It is a mixture of rock debris and organic material, soils are living systems. The three layers of soil found on Earth are called Horizons. The lowermost rock is known as the Parent rock or Bedrock.
- Horizon ‘A’ – topmost, where organic materials have got incorporated with minerals, nutrients and water.
- Horizon ‘B’ – transition zone between horizon A & C.
- Horizon ‘C’ – loose parent material. It is in 1st stage of soil formation and eventually forms A,B.
Arrangement of layers is known as Soil Profile.
Ancient times, the fertile soil was known as ‘Urvara’ and sterile soil was known as ‘Usara’.
Soil survey of India, 1956 conducted studies in the Damodar valley under the National Bureau of Soil Survey, Land use planning under ICAR- Indian Council of Agricultural Research.
Classification of types of Soil in India:
On the basis of USDA soil taxonomy, the types of Soil in India are:
- Inceptisols – covers 39% area in India
- Entisols – covers 28% area in India
- Alfisols – 13 % area in the country
- Vertisols – 8% area in India
- Aridisols 0 4% area of the soils in India
- Ultisols – 2% area in India
- Mollisols – 0.4% area in India
On basis of genesis, colour, composition and location, soil types in India are:
- Alluvial Soil
- Red and yellow Soil
- Laterite Soil
- Saline Soil
- Forest Soil
- Black Soil
- Arid Soil
- Peaty Soil
It is depositional soil found in northern plains and river valleys. It is rich in potash, poor in Phosphorus. The colour of alluvial type of soil in India is light to dark grey.
Two types of alluvial is found in the Ganga plains – Khadar(new, deposited annually, enriches the soil by deposition of fine silts) and Bhangar(older, deposited away from flood plains, contains calcareous kankars).
Deccan, parts of Maharashtra, MP, Gujarat, Andhra pradesh and some parts of Tamil Nadu.
Upper reaches of Godavari & Krishna has deep deposits. Also called “Regur soils” or “Black cotton soil”. It slowly absorbs moisture and slowly loses it. Therefore, it retains moisture for long time, this is aboon for rainfed crops.
‘Self Ploughing’ – develops cracks when dry, swells up when it absorbs moisture.
Rich in lime, iron, magnesia, alumina. Lacks phosphorus, nitrogen, organic matter. The colour of Black soil is deep black to grey.
Red and Yellow Soil:
It develops on crystalline igneous rocks in areas of low rainfall. Especially in Eastern and Southern Deccan. Red colour due to wide diffusion of iron in crystalline and metamorphic rocks. Yellow colour when it is in hydrated from. These soils are fine grained and fertile. It is poor in nitrogen, phosphorus and humus.
It develop in areas with high temperature and high rainfall. It is result of intense leaching during high rainfall. Lime and silica leached away. It is rich in iron oxide and aluminium compound. Humus removed by swift bacterial action in high temperature. It lacks nitrogen, phosphate, calcium. Laterite soil is not suitable for cultivation in TN, AP, Kerala, cashew nut and Tapioca is grown using fertilizer and manures. It is used in bricks for construction.
Arid type of Soil in India:
Sandy structure, saline nature, dry climate. Lack moisture and humus.
It lacks nitrogen, while phosphate is present in normal amount. At the lower horizons of soil ‘kankars’ occur because the calcium content increases downwards.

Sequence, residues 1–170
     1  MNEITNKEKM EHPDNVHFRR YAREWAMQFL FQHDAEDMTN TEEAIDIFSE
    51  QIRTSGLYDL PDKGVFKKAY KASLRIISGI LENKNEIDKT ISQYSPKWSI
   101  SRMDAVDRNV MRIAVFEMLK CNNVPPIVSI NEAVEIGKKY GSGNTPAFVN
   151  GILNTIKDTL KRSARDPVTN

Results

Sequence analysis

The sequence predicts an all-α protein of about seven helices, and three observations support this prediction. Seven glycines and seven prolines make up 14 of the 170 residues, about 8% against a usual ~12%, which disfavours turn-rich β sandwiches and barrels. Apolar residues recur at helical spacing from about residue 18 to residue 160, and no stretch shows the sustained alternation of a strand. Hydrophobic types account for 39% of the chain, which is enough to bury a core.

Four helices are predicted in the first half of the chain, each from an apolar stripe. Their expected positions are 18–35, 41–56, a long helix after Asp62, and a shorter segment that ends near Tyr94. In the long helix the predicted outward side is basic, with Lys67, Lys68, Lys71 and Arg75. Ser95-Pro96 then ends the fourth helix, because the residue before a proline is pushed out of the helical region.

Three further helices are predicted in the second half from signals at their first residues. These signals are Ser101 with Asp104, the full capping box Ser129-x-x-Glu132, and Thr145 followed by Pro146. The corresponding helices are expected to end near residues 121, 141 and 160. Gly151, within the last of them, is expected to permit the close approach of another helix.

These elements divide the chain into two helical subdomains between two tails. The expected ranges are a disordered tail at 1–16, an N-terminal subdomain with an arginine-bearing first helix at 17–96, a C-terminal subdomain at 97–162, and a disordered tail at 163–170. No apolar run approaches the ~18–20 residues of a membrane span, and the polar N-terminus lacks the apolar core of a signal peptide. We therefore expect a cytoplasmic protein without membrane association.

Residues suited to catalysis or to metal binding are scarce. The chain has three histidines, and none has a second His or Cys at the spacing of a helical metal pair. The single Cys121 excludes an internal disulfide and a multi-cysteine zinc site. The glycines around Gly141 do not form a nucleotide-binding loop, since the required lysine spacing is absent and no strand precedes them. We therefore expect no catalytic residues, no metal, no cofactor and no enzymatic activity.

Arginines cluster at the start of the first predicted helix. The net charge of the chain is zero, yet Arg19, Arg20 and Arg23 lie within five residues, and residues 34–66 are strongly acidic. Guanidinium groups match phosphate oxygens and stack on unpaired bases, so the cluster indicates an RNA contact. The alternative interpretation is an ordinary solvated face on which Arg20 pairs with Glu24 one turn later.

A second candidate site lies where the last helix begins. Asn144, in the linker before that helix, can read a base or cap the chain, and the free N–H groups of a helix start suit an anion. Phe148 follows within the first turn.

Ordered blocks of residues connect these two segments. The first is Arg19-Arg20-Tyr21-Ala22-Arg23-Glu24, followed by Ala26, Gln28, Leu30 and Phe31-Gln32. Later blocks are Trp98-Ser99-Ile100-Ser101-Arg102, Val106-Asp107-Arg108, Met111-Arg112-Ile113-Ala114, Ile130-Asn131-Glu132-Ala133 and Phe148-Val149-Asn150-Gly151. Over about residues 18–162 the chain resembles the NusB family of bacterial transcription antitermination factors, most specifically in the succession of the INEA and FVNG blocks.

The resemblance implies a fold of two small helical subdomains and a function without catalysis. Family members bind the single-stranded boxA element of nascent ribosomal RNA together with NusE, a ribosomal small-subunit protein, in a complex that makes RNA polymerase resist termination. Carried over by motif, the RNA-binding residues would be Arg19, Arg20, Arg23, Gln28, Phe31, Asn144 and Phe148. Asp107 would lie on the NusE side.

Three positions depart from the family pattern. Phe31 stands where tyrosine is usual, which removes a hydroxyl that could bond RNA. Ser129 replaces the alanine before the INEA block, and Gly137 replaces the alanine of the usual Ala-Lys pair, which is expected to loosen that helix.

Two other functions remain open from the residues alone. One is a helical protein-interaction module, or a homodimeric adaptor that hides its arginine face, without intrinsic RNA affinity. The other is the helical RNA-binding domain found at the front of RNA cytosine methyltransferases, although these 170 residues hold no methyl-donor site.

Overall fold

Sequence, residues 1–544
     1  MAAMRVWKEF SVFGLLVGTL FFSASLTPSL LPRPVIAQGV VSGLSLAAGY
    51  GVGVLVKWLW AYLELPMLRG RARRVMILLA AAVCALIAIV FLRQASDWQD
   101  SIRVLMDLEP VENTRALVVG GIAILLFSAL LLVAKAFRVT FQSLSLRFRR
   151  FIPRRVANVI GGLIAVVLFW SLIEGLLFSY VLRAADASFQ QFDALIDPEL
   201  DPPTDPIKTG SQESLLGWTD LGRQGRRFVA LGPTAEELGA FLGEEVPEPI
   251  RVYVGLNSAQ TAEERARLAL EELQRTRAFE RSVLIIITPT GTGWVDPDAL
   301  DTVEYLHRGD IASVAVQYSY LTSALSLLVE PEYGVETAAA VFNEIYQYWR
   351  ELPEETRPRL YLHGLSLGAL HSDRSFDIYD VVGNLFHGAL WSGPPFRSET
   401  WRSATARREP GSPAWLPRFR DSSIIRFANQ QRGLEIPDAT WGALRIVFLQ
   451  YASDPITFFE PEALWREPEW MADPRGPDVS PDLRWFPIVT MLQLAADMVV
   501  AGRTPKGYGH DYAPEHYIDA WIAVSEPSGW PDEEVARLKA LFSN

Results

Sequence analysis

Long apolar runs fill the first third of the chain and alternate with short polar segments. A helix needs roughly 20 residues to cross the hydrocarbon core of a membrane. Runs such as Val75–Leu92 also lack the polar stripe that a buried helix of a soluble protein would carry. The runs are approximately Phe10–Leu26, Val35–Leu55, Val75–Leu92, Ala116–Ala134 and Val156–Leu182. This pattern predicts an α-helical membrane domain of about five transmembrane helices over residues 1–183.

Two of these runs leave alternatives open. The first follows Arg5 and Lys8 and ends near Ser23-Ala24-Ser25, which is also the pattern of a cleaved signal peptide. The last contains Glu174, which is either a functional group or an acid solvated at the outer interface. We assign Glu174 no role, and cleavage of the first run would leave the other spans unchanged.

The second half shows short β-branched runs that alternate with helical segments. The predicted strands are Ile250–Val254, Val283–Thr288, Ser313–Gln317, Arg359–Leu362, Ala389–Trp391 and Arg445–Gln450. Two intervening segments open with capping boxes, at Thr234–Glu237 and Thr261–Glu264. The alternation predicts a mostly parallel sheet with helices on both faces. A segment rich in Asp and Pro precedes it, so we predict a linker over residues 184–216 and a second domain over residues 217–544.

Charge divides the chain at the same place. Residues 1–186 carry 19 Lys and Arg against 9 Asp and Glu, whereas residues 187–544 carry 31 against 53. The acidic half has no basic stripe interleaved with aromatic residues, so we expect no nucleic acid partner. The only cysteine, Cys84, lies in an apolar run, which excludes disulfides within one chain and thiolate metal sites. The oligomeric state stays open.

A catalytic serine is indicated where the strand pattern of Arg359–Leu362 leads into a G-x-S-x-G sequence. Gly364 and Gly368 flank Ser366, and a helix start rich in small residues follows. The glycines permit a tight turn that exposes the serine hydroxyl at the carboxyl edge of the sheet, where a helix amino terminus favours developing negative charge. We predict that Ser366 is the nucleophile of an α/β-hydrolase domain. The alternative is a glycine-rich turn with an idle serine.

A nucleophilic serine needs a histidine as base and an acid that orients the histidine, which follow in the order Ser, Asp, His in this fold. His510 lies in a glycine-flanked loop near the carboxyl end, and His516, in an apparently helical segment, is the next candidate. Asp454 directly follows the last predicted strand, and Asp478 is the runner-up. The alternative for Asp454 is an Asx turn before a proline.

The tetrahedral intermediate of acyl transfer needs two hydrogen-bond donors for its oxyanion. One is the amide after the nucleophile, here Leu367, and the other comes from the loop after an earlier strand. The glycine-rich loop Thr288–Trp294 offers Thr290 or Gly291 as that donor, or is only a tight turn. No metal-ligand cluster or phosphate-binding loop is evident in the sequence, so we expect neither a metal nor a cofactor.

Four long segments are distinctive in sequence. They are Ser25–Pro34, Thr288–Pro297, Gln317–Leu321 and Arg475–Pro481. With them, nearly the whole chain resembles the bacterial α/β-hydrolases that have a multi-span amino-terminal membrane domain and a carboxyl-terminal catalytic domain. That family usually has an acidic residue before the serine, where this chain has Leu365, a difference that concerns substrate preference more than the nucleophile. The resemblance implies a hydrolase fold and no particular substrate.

It is known as ‘Usara Soil’. It has sodium, potassium, magnesium which makes it infertile. Saline soil lacks nitrogen and calcium. It occurs in arid and semi-arid regions.
In Rann of Kachchh, southwest monsoon brings salt and deposits as a crust. Seawater intrusions in deltas promote saline soils. Excessive irrigation in dry conditions promote capillary action resulting in deposition of salt on top. Addition of gypsum to solve salinity of soil.
It found in areas of heavy rainfall and high humanity. It has large quantity of organic matter which is rich in humus upto 40-50 percent. It is sometimes alkaline.
Peaty soil is heavy and black in colour. This type of soil is found in Northern Bihar, Southern Uttaranchal, coastal West Bengal, Orissa, Tamil Nadu.
It is located in forest area with sufficient rainfall. It is found in snow-bound areas of Himalayas, acidic with low humus content. Located in lower valleys, it is fertile.
Destruction of the soil cover is known as soil erosion. generally, rate of removal of fine particles, i.e., Soil erosion, is equal to rate of soil formation. But if the soil balance is disturbed by natural and human factors; wind and water are powerful agents of soil erosion.
Sheet erosion: On flat lands, due to heavy rainfall removes finer and more fertile top soil.
Gully erosion: On steep slopes. A region with a large number of deep gullies/ ravines is called a badland topography in Chambal basin, Tamil Nadu and West Bengal.
Eroded materials is carried by rivers increasing their value and can cause floods by reducing the carrying capacity of rivers.
Causes of soil erosion:
- Shifting cultivation
- Over-irrigation makes soil saline
- Chemical fertilizers harden and reduce soil fertility if enough humus not given.
It is a methodology to maintain soil fertility, prevent soil erosion and exhaustion and improve degraded condition of the soil.
Method of Soil conservation – Contour bunding, contour terracing, regulated forestry, agro-forestry in arid areas, controlled grazing, cover cropping, mixed farming, crop rotation, construction of check dams to prevent gullies. Lands with 15-25 % gradient should not be cultivated without terracing. Finger gullies are eliminated by terracing. The extension of gullies is checked by Gully plugging.
Central Arid Zone Research Institute (CAZRI) is involved in integrated land use planning for soil conservation.